“This stunning portrait bust adds an extraordinary sculpture to the Villa’s collection of Roman portraits,” says Timothy Potts, Maria Hummer-Tuttle and Robert Tuttle Director of the J. Paul Getty Museum. “It is among the finest and best-preserved portraits of the young Germanicus at the time of his adoption in AD 4 by his uncle, the soon-to-be Roman emperor Tiberius and complements nicely other Roman busts in the antiquities collection at the Villa.”
The bust depicts the young Germanicus before the depositio barbae, the Roman ritual first shaving of the beard. While the image, or portrait type, was created at the time of his adoption, this bust is a posthumous portrait of the popular general, who was being groomed to be emperor but died young. Ten copies are known today of Germanicus’ “Adoption type” portrait—identified by the facial features and careful arrangement of the locks of hair over the forehead.
Germanicus (15 BC–19 AD) was a victorious general and immensely popular with both the military and Roman citizenry, yet he never ascended the throne due to his death at the age of 33, five years into Tiberius’ reign. The circumstances of his death have been deemed suspicious and linked to his recall of Gnaeus Calpurnius Piso, the governor of Syria. Germanicus received extensive posthumous honors decreed by the senate and was venerated as Rome’s version of Alexander the Great.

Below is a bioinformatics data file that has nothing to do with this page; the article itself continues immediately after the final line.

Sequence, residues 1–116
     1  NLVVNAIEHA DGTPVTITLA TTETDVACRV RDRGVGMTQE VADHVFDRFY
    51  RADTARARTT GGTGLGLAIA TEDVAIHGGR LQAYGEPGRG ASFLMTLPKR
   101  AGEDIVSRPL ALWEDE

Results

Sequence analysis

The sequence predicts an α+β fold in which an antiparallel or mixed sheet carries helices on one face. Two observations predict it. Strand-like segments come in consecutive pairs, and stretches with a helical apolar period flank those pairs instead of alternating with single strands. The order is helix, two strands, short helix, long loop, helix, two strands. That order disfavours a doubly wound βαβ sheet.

In joining the Getty Villa Museum’s collection of Roman portrait sculpture, this bust complements the museum’s strong holdings of Julio-Claudian imperial portraits on display, including the portrait of Germanicus’ grandmother, Octavia Minor; the chalcedony bust of his mother, Antonia Minor; the marble portraits of his son, Caligula, and his daughter, Agrippina the Younger; as well as marble heads of his paternal uncle and adoptive father, Tiberius, and his great uncle, Augustus.
The bust was long part of the collection of the Earls of Elgin and Kincardine and may have been acquired in Rome as early as 1798 by Thomas Bruce, 7th Earl of Elgin (1766–1841). It stayed with Elgin’s heirs at Broomhall House in Scotland until 2012 when it was sold at auction in New York to a private collector.
The bust will first be displayed in December 2021 as part of an exhibition highlighting new acquisitions–Recent Acquisitions 2021: Collecting for the Museum–at the Getty Center and then go on permanent view at the Getty Villa Museum in the Early Roman Imperial Sculpture gallery in 2022.
Source: Getty Museum
(09.12.2021, USA: 12.09.2021)